Sunday, May 21, 2017

Hey, Council, Remember the Alcohol Strategy?

A few years back, a committee to look at how to better manage alcohol use and the resultant problems in Prince Albert was established to develop an alcohol strategy.  It's no question that this city has an alcohol problem - most of the police calls are alcohol -related, and various initiatives, such as the detox centre, have been started to try to address the problem.  And yet the problem continues - last week, at a little past noon, Andrea and I drove by a drinking party going on in the City Hall parking lot.

So I was a little surprised to hear that a rookie councillor, supported by two other rookies, was advocating that the city increase the opportunities to have alcohol at city facilities.  I'm not sure which facilities they were talking about, as alcohol is already served at the Art Hauser Centre (profits go to the Raiders) and the Golf and Curling Club (which also keeps the profits), or what the motivation would be.  And I think that they may have forgotten that part of council's job is to set the big-picture direction for the city.

The tendency is to assume that people like us don't have a problem with  alcohol - it's those other people.  But we all know that isn't the case - alcohol abuse affects everyone, in all social classes.  I'm fond of a glass of wine with dinner or having a beer on the deck, but I also have (and have had) family members with alcohol addiction problems, and I know that the answers aren't easy.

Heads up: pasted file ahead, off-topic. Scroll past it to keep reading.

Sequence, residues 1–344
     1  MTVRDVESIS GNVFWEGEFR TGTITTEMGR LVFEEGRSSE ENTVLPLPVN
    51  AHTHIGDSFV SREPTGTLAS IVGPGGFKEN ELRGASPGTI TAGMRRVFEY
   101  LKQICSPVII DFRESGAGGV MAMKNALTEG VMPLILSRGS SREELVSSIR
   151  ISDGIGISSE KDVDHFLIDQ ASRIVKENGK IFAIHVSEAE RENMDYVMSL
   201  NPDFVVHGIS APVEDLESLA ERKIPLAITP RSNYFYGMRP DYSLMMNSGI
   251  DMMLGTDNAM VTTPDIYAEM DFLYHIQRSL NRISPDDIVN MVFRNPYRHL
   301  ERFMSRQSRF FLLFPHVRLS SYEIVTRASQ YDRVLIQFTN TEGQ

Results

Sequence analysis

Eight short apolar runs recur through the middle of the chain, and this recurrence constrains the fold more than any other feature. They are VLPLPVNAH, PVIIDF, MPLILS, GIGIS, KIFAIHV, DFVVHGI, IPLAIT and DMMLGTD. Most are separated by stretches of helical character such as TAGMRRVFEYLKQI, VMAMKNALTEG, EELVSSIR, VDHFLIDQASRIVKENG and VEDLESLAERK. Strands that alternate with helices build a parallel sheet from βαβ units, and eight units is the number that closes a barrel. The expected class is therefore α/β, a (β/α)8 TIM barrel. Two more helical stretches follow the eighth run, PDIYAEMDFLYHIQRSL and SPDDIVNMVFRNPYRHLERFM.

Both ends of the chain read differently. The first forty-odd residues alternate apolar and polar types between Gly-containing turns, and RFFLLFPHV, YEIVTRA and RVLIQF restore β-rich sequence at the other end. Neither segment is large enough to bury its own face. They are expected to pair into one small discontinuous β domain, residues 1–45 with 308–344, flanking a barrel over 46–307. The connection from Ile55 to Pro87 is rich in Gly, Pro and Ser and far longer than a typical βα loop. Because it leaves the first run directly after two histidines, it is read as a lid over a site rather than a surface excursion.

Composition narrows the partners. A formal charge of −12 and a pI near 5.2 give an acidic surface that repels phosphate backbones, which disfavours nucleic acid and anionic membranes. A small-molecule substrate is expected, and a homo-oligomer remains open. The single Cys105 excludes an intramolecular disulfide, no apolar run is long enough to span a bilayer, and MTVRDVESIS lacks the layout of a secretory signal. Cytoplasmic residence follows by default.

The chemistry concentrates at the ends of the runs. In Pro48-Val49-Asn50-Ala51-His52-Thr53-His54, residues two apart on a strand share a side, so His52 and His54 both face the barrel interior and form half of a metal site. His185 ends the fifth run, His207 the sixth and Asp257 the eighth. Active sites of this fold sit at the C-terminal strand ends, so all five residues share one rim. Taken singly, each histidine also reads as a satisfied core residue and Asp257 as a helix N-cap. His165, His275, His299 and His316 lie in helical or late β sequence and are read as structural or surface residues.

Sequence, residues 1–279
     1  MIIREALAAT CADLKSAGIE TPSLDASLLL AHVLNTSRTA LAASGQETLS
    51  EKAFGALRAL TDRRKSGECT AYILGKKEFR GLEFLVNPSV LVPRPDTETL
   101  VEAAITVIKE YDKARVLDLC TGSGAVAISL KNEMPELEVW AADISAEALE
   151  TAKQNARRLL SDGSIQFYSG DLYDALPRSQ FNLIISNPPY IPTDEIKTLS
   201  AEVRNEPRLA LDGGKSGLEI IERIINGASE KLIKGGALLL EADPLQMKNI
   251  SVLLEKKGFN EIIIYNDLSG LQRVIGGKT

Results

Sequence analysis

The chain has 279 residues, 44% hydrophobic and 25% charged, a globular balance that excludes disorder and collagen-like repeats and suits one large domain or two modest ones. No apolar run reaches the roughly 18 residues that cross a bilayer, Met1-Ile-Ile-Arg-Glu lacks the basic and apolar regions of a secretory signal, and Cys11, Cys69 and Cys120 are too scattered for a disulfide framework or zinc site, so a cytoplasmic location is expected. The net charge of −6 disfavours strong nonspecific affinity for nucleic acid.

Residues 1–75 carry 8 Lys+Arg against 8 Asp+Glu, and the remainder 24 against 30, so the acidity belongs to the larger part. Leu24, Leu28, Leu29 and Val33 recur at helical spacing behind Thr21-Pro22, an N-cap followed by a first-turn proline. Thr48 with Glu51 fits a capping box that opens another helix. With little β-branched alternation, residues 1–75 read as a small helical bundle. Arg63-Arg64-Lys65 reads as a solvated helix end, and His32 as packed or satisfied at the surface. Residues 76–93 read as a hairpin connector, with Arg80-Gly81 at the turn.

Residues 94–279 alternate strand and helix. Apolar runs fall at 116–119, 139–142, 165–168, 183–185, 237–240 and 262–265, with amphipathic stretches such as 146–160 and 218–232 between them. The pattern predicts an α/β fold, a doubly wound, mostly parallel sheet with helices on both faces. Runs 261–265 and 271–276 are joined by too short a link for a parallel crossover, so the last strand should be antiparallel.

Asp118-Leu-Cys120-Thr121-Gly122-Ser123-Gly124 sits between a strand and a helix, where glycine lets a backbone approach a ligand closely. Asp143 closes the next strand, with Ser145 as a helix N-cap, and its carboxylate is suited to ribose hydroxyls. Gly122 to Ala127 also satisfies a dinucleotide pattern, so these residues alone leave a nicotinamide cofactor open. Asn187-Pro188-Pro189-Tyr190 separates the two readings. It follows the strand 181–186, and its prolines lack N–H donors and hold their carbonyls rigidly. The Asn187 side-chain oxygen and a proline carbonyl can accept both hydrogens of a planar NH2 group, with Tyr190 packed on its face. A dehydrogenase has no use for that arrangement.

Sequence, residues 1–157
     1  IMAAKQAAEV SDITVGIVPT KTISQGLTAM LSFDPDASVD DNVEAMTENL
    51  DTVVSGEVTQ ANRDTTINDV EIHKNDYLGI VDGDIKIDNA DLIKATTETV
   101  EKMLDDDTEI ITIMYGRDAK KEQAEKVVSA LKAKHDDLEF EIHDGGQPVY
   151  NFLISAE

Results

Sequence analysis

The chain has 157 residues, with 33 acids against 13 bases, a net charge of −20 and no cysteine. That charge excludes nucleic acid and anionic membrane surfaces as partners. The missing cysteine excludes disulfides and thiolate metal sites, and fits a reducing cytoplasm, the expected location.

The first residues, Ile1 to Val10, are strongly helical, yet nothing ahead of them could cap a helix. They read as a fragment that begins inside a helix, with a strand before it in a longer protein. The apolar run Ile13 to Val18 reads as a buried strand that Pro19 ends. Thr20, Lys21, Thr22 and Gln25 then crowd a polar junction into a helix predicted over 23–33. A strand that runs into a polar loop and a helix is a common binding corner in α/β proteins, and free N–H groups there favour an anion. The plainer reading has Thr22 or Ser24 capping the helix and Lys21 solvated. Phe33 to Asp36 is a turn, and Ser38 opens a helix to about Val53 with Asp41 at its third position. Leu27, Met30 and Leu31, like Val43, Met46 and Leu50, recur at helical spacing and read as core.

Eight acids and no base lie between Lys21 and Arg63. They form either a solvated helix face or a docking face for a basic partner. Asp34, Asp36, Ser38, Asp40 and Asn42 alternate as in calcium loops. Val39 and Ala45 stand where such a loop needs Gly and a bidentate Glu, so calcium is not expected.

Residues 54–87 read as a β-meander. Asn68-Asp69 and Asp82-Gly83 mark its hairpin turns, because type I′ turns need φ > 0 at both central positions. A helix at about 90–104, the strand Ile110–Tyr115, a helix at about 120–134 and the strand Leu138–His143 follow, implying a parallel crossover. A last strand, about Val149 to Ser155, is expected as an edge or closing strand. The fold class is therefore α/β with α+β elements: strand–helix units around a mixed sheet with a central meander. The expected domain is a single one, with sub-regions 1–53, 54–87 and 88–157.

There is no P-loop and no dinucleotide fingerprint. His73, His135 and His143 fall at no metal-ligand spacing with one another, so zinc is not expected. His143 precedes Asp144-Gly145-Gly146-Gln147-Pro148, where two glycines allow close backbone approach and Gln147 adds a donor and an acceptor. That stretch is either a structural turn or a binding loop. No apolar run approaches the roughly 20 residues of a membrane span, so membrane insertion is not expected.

But you can't say that it's difficult to find alcohol in the city, so the city should make it easier for people to get a drink at activities going on in city facilities.  As I mentioned earlier, in some cases they already can, and I don't see any pressing need to increase those opportunities.

And it's rather ironic that this idea should come out just when SGI has released its new public service announcement about the effect of drunk driving on real families in Saskatchewan.  I was surprised to find that I knew one of the victims, and the family of one of the others.  I can only imagine the pain of losing a family member in that way, and I commend the families involved for being so public spirited as to agree to sharing these memories.  It's a harsh reminder that Saskatchewan as a whole has a problem with drinking and driving, and part of our leaders' responsibility is to stand up against the problem, not pretend that it doesn't exist, for whatever reason.

"I've never seen anyone drink themselves smart, successful or happy.  Most end up broke, bitter and alone." - Anonymous

No comments: